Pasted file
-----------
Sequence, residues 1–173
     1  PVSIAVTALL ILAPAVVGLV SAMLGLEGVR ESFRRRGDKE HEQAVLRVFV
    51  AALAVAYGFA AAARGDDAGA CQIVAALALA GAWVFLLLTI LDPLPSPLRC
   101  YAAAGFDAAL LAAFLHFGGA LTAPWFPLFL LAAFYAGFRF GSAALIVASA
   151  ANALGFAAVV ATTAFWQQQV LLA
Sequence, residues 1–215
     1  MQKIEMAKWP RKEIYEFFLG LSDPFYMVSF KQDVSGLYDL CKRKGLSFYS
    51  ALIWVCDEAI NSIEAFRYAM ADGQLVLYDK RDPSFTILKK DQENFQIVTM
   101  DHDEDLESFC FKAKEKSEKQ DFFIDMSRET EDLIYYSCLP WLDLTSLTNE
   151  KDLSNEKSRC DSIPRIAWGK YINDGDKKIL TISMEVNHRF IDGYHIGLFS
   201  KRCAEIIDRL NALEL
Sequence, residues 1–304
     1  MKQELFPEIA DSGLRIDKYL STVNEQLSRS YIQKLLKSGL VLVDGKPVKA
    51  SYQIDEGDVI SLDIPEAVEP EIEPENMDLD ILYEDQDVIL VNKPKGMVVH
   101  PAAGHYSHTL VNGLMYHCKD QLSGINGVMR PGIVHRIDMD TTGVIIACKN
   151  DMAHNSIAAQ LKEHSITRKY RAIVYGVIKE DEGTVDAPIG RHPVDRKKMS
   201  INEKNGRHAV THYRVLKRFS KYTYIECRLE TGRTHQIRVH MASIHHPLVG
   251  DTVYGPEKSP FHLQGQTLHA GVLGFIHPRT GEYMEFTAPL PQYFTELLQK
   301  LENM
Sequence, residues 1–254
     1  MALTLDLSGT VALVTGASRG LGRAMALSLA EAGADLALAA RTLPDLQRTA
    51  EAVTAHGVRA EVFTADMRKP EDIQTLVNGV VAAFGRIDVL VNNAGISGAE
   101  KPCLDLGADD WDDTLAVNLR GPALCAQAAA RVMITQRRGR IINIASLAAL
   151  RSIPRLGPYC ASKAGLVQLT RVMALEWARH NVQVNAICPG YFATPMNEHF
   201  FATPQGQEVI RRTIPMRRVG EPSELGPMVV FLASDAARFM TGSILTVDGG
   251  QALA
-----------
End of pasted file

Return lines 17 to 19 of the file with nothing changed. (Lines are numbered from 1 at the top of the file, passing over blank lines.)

   201  INEKNGRHAV THYRVLKRFS KYTYIECRLE TGRTHQIRVH MASIHHPLVG
   251  DTVYGPEKSP FHLQGQTLHA GVLGFIHPRT GEYMEFTAPL PQYFTELLQK
   301  LENM